I’m not sure If it’s unique to D.C. – I don’t think it is – but, our market has thousands of soccer fans who follow teams from England, Spain, Italy, etc., as well as Central and South America, but aren’t necessarily committed to their hometown club, D.C. United. The success of Toronto and Seattle, in particular, can be attributed to the fact that they were somehow able to capture the imagination, interest and (eventual) support of those very fans. Friendlies against the teams these folks support give us one opportunity to showoff our product – both that seen on the field and that seen off – i.e. our supporters.
Any big-time soccer played in our market is good for us, especially when we own the game. In the case of Barcelona-Man United, we’ve got the possible Champions League final coming to town. The Redskins actually own the game, but we did secure tickets – at significant cost to the club, as we had to pay full price – for our season ticket holders. While the cost was significant, we felt it would be a great value to our most ardent supporters to provide them with a ticket to perhaps the biggest game Washington has seen in a decade. That being said, we also know that we have fans who are only interested in seeing D.C. United play, so we offered those fans the opportunity to exchange their ticket for any other D.C. United match, whether in MLS or U.S. Open Cup play.
In summary, big games against big opponents provide big opportunities. In sum, big is big.
6) What sort of impact has the arrival of Charlie Davies had on ticket sales (season or singles)? From a marketing perspective how has his inclusion (and, so far, success) been a benefit to DCU? Is the hope to sign Davies to a long-term deal?
After scoring his fifth goal in his fourth game (the team’s fifth), Charlie Davies is on pace to score 34 goals in 2011. It’s safe to say, if he keeps up that pace, I think it will be everyone’s hope that we sign him to a 10-year deal. Clearly, though, Ben Olsen and the technical staff will evaluate his play over the entire campaign and decide whether or not to buy his contract from Sochaux at the end of 2011 (which would not come at a small cost).
It’s difficult to say exactly what impact Davies’ arrival has had on specific ticket sales. While it’s clearly had a positive impact, I think it’s safe to say we’ve seen more value from the relative awareness his presence has brought. In the several weeks Davies has been with the team, we’ve seen highlights on SportsCenter, major articles in Sports Illustrated, USA Today, the New York Times, LA Times, Washington Post (on a few occasions) and dozens of interviews for local TV and radio. Still to come in the near future are features on SportsCenter and the CBS Evening News. His story and journey is clearly an incredible one and has resonated well beyond the average soccer fan. While we can measure things like web traffic (which soared when news first hit he was on trial and when we officially signed him) and see the increased media attention, it’s tough to attribute ticket sales directly. That being said, his presence has had nothing but a positive impact in that department.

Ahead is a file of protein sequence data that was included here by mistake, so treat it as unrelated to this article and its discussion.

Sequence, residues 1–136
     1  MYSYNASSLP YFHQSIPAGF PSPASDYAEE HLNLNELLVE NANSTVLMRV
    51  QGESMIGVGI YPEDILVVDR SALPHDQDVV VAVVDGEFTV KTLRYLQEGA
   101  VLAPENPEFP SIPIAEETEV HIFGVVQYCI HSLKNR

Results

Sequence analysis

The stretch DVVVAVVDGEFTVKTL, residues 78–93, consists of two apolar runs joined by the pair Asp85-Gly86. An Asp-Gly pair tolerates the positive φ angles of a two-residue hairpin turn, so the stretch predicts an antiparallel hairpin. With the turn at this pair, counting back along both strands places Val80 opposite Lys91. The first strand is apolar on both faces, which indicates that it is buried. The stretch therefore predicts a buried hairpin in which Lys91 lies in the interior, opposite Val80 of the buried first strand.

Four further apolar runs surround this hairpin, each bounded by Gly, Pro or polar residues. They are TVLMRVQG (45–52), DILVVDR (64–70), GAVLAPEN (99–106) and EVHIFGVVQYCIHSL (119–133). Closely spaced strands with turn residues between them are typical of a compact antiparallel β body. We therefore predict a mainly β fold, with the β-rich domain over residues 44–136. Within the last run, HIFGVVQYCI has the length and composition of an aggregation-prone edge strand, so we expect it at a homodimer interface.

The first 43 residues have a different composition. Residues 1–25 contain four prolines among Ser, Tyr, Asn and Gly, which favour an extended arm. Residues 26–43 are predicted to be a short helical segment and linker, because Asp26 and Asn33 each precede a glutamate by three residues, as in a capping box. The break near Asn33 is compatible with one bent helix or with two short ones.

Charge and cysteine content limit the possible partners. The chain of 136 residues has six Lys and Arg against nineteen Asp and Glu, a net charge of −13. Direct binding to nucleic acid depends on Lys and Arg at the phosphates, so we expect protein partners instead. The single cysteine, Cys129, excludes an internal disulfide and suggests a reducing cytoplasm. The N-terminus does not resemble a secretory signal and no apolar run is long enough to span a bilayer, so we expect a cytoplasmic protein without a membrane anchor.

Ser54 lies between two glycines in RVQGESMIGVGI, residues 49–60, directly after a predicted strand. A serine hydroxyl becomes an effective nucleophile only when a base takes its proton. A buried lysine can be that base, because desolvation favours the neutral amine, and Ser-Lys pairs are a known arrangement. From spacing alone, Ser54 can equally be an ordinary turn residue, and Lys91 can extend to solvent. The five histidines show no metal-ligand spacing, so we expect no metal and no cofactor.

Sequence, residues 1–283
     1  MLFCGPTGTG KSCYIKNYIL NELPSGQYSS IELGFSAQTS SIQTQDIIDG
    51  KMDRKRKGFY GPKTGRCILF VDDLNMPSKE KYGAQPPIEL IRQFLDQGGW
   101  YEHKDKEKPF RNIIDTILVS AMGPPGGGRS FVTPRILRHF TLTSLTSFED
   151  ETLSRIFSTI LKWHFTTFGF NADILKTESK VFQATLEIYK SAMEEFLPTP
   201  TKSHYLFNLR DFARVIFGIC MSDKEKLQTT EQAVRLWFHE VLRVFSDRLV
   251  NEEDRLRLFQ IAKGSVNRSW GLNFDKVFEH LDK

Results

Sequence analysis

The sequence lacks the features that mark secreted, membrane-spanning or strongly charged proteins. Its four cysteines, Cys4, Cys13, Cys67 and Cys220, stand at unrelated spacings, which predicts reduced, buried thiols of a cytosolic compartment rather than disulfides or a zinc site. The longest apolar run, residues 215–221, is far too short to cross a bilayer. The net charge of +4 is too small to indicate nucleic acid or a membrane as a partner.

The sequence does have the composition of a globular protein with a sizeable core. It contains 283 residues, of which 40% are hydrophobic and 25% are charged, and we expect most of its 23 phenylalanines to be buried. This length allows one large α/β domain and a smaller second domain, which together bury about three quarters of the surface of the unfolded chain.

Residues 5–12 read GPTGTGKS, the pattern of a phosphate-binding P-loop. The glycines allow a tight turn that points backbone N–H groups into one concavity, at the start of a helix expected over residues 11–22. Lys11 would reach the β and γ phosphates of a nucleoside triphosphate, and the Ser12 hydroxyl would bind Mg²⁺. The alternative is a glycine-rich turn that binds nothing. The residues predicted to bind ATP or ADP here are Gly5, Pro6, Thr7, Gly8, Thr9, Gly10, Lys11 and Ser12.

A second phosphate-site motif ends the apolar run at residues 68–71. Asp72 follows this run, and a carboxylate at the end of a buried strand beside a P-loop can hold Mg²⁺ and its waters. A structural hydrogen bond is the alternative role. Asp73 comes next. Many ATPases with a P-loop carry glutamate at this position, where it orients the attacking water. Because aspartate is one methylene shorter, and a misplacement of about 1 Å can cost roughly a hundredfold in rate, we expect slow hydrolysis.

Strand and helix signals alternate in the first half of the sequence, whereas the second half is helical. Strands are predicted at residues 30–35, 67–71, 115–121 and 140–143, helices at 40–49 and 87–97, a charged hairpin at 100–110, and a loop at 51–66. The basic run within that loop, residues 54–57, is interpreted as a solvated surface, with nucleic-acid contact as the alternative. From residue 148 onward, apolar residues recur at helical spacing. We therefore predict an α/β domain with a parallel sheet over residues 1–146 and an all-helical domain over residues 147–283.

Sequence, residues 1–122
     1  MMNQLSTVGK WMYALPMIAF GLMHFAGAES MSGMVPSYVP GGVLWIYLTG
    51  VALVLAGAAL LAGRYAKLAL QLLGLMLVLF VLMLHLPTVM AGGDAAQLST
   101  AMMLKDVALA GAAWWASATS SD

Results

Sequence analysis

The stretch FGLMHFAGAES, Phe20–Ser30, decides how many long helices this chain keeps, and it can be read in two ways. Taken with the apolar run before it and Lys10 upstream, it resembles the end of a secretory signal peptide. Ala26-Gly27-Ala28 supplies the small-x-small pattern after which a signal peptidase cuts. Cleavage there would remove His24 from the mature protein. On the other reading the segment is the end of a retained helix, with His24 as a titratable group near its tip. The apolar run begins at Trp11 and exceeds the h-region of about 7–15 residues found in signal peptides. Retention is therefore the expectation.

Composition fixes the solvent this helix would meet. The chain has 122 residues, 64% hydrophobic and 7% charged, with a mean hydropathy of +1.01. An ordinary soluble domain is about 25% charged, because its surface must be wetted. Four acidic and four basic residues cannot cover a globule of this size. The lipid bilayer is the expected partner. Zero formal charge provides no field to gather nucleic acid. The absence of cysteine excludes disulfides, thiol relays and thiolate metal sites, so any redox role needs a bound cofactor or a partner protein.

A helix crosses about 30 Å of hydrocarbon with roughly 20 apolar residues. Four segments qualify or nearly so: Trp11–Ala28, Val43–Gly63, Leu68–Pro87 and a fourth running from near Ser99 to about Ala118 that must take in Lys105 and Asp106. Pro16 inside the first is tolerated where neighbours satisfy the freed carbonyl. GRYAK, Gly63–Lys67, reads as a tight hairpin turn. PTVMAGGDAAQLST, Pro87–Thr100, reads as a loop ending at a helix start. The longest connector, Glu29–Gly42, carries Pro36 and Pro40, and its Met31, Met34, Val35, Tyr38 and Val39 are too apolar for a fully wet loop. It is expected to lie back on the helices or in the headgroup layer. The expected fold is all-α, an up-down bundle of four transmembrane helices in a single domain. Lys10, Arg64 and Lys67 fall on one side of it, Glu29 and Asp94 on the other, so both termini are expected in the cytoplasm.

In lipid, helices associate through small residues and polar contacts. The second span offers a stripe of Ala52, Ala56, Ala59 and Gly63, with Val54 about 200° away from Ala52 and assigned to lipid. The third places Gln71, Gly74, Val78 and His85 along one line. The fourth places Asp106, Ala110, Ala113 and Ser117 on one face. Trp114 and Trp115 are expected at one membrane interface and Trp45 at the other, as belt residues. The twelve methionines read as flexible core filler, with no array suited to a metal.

Beyond the coverage and attention, Charlie is like a lot of the young guys on our team this year – great personality, a willingness to do whatever is asked, a positive attitude and, simply, a lot of fun to be around. In seven seasons with United, I haven’t seen a better group of guys when it comes to helping the club off the field, not to mention that they’re an absolute trip on twitter. Follow our guys here if you like having fun.
To expand upon that point, while Davies has clearly been the biggest story of the year so far, it’s the new-look squad, built in the image of Ben Olsen, that has really made the difference for us in the early stages of 2011. We’ve got a long way to go, both on the field and off, but with one of the youngest rosters in MLS and some of the best young players in the League – things are looking up for D.C. United fans.
I’m excited to be a part of it.

Finally, an offer, from one beer drinker to another:
In honor of the Free Beer Movement, I will be providing a delicious keg of the brand spanking new DC Brau at D.C. United’s May 14 game versus the reigning MLS Cup champion Colorado Rapids. 
I’ll host the “Free Beer Movement Party” in our Lot 8 Tailgate beginning at 5pm. In order to qualify for free beer, you must simply bring a D.C. United/MLS newbie to the game, prove you’re over 21 and agree to soccer-nerd talk with me. Send me an email for more details: [email protected].

[You can read “Part One” of our interview with Kyle Sheldon here.]

All Photos Courtesy (and with permission) of D.C. United's Flickr account unless otherwise noted. 

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Tags: Major League Soccer, Six-Pack Interview Series, Soccer Marketing 101